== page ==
8. Lol oh no, now I have a meter? Let’s see, it looks like the Tim-meter is very convincingly on 99.9% regular helium balloon buoyancy activity, 0.01% paranormal. I’m happy with that! I’m a little disheartened that we don’t know the colour. Can someone get hold of the author to confirm? And in all seriousness, a neutrally buoyant helium balloon can be moved quite dramatically by seemingly nonexistent movements of air, thermal variations, static electricity etc. so IMHO, that’s all it is.
  9. The thought has occurred to me that, since the light that we get from stars and galaxies that are millions of light years away show us what they looked like millions of years ago, I wonder what they actually looks like today.
  10. Proves you're being deceptive. Hand waving by bringing up quantum physics doesn't make woo BS anymore credible. Probably works better on people who don't know anything about the subject, might want to consider that in future.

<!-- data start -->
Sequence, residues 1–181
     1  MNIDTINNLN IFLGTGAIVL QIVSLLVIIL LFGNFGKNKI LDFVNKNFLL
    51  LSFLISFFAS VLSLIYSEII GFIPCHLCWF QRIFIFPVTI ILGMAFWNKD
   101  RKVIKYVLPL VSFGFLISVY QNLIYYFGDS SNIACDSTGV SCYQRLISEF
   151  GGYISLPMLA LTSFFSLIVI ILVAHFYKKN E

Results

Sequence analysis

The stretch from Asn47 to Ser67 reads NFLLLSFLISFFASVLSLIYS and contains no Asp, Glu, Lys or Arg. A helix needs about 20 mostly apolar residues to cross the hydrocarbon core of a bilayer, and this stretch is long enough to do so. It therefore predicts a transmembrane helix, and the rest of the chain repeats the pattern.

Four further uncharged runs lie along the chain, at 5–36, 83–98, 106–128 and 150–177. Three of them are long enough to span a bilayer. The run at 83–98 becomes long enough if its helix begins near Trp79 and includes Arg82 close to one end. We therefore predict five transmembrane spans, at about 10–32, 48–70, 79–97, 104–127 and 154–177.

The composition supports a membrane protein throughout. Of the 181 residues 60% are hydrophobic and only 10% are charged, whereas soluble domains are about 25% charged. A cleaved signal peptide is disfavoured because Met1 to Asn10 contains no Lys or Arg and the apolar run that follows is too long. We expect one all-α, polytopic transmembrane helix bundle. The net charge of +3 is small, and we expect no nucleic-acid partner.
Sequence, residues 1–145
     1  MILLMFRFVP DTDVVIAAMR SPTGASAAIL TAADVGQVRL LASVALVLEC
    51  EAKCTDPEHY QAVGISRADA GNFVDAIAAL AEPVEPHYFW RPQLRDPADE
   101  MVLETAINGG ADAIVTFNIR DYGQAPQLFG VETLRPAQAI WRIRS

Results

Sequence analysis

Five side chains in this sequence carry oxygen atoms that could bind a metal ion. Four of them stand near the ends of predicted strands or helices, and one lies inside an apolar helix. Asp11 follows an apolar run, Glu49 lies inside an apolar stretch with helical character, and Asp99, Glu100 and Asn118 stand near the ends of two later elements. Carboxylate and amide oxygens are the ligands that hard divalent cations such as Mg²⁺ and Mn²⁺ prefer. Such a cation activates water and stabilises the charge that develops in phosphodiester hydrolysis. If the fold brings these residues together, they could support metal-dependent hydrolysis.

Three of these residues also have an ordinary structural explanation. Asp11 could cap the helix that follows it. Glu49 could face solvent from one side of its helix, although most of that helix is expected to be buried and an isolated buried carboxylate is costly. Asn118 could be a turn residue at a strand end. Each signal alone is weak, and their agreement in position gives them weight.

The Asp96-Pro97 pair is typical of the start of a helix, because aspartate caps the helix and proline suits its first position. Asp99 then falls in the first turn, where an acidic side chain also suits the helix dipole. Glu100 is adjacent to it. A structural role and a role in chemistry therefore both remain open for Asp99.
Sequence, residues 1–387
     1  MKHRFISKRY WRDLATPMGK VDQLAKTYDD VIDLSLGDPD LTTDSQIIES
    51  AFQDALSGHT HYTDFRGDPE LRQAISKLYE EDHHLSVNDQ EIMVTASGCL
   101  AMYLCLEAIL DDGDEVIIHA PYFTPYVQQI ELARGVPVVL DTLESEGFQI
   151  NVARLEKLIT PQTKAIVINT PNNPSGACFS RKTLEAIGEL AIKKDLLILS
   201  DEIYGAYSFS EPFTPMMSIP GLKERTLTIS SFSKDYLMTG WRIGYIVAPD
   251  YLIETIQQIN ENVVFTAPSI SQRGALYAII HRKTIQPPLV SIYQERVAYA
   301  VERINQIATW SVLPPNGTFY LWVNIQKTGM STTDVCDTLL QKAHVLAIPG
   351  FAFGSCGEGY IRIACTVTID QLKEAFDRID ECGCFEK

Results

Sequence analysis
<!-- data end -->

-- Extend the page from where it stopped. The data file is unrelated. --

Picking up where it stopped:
11. There seems to be an epidemic of abrogation of parental responsibility going on. I see it everyday where I work. I've never encountered so many children who haven't been taught how to behave in public and so many parents who seem indifferent to it. Children taught from a young age to behave usually behave when the grow older, requiring no draconian or physical discipline. A lot of them are children from broken homes and I wonder if it's because of parents trying to out-do each other spoiling them to curry favor. What happened to this child is unconscionable--calling a third party in to do their job which they, apparently, had neglected the child's whole life. I see all three equally responsible.
  12. Or none - depends on your religious point of view. There's a tribe in the south Pacific that worships a model of a WWII aircraft - right or wrong, that's their god. You have to accept that there are other than Judeo Christian beliefs out there and those beliefs are just as important to their followers as yours is to you. All gods are human inventions anyway - if there were no humans to invent them, there would be no gods.
  13. stark branches remain scraping what's left of the sky for murders of crows